Topical Approaches to Improve Surgical Outcomes and Wound Healing: A Review of Efficacy and Safety
March 2017 | Volume 16 | Issue 3 | Original Article | 209 | Copyright © March 2017
Kristin Totoraitis BS,a Joel L. Cohen MD,b and Adam Friedman MDc
aOakland University William Beaumont School of Medicine, Rochester, MI bAboutSkin Dermatology and DermSurgery, Englewood, CO cThe George Washington School of Medicine and Health Sciences, Washington, DC
Surgical procedures are an important piece of a dermatologistâ€™s daily practice. Therefore, the optimization of post-surgical wound healing
is an area of utmost importance and interest. Although low risk, one notable barrier to proper wound healing is surgical site infection.
In an attempt to mitigate this risk and improve surgical outcomes, multiple topical products continue to be used both pre- and postprocedure.
Traditionally, this includes both topical antibiotics and antiseptics. However, these products are not without consequence.
The overuse of topical antibiotics as prophylaxis for infection has contributed to increased bacterial resistance, and in fact is no longer
recommended by the American Academy of Dermatology in clean post surgical wounds. Topical antiseptics, including chlorhexidine and
povidone-iodine, can have a cytotoxic effect on keratinocytes and may actually impede wound healing as a result. In addition, chlorhexidine
in particular can produce both otologic and ocular toxic effects when used on the face. Emerging products, such as hypochlorous
acid, may be a potential alternative to the more commonly used agents, as it has effective antimicrobial actions and minimal adverse
effects. Therefore, the purpose of this review is to highlight several topical products used to optimize post-surgical wound healing and
discuss both their efficacy and safety.
J Drugs Dermatol. 2017;16(3):209-212.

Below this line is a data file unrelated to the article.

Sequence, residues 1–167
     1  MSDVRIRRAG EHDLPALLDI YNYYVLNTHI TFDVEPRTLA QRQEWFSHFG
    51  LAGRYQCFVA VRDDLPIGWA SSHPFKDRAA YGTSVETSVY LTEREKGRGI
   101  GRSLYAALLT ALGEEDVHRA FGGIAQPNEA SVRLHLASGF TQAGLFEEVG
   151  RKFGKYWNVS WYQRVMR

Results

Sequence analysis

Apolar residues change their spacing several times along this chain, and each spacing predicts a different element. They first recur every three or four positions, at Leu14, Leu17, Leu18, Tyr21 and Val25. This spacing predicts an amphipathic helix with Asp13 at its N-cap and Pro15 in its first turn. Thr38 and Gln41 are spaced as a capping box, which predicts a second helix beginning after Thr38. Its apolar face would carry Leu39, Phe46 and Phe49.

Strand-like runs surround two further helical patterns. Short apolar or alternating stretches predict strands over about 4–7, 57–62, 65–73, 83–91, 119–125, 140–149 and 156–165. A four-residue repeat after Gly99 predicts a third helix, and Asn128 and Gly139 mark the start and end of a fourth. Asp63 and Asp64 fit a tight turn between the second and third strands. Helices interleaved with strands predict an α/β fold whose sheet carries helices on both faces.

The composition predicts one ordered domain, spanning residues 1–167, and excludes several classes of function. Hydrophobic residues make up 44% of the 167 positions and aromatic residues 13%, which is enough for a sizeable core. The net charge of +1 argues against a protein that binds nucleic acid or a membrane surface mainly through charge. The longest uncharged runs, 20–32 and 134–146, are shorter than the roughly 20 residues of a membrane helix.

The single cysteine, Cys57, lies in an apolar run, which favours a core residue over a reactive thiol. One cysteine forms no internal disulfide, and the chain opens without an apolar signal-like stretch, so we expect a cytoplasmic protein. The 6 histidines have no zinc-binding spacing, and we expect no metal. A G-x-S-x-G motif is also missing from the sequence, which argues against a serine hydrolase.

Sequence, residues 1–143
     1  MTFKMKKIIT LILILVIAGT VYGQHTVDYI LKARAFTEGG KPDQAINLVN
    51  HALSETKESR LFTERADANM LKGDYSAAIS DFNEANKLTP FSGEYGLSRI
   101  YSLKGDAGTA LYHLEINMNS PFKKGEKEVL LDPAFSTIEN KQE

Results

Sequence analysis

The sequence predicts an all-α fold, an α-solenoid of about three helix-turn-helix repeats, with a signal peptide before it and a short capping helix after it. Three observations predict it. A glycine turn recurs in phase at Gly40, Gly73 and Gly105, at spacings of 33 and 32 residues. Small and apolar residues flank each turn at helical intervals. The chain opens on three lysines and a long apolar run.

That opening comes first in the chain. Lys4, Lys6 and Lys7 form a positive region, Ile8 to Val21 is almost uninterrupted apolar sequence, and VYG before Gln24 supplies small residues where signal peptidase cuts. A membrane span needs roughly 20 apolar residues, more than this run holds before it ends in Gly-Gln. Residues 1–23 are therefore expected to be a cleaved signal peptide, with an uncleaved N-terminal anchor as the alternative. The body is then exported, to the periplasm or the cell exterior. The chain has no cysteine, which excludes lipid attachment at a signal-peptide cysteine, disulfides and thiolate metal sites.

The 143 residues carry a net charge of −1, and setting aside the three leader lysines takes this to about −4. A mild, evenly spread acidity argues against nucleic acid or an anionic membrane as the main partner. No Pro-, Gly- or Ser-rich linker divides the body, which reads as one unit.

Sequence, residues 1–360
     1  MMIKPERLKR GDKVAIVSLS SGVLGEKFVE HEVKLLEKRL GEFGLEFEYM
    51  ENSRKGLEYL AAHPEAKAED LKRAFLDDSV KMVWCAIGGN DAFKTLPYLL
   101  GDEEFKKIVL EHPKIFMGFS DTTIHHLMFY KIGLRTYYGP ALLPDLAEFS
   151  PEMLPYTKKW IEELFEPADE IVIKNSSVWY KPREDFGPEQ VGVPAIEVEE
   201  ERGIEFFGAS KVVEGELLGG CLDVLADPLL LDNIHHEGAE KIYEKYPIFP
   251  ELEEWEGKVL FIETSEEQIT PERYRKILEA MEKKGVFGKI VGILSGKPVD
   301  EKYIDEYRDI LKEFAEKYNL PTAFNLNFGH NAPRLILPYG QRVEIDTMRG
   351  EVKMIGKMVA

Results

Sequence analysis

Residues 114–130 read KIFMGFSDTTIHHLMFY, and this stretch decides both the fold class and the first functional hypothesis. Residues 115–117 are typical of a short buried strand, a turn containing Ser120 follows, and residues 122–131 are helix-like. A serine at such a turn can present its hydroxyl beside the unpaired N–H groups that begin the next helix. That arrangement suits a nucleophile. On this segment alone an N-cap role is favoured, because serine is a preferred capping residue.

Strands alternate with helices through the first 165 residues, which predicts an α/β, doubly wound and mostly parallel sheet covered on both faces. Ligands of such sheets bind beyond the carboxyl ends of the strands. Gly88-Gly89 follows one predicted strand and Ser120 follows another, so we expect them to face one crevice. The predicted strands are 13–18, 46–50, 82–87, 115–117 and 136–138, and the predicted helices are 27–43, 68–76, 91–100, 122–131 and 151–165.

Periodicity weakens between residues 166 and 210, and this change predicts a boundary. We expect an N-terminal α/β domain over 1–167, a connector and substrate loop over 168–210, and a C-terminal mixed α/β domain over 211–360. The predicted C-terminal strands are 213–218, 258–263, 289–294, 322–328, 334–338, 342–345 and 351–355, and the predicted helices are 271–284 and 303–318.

Surgical procedures are an essential piece of a dermatologist’s practice. In fact, it has been reported that dermatologists perform over 25 million minor surgical procedures annually.1,2 A major focus of these procedures is to restore the integrity of the skin while minimizing scarring and potential complications. With dermatologic surgeries being so numerous, there is much discussion about how to optimize post-surgical wound care while decreasing potential barriers to healing. While relatively low risk, one well-known wound healing impediment that is important to recognize is wound infection. Therefore, proper wound care entails measures to both prevent infection and subsequently manage it if need be. Yet, to develop a consensus regarding how to optimize post surgical wound healing is difficult given that recent evidence suggests there is a gap in wound care education within dermatology.3 A survey of dermatology residents published by Stamell Ruiz et al found that the majority of respondents did not feel prepared to manage both acute and chronic wounds.3 Furthermore, over 75% of respondents felt that more education was needed in the area of wound care during residency training.3 The purpose of this review is to highlight several topical approaches used to improve post surgical healing as a means to address elements of this educational gap. It is uniformly accepted that sterile or sterile-like “clean” technique should be used to minimize the risk of post surgical infection. Many topical preparations are used as adjuvants to sterile technique to help decrease this risk. Historically, topical antibiotic ointments have been used in dermatology for a variety of disease states including the management of acne, bacterial skin infections, and most notable to this article, the prevention of wound infection.2 According to data collected in 2003, dermatologists prescribe between three to four million topical antibiotics annually.4 Both bactericidal and bacteriostatic antimicrobials including neomycin, gentamycin, mupirocin, retapamulin, bacitracin, and polymyxin B, have been reportedly used for wound care purposes.2 Unfortunately, the overuse and in many cases blanket misuse of antibiotics overall has led to an increase in bacterial resistance.2 In fact, up to 50% of antibiotics prescribed in both outpatient and inpatient settings have been found to be unnecessary.5 Dermatologic wound care is not an exception to this trend. Methicillin resistant Staphlococcus aureus (MRSA) is just one example of the resistant bacteria that now commonly challenge physicians. Illustrating this fact, one study found that the proportion of MRSA isolates collected with high level mupirocin resistance increased from 1.6% between 1995 and 1999 to 7.0% between 2000 and 2004.6 With this in mind, it’s therefore necessary to question the benefit that topical antibiotics have in wound care. In fact, there is a lack of evidence indicating that the prophylactic use of topical antimicrobials actually work to prevent infection.1,2,7 A randomized, double-blind prospective trial performed by Smack and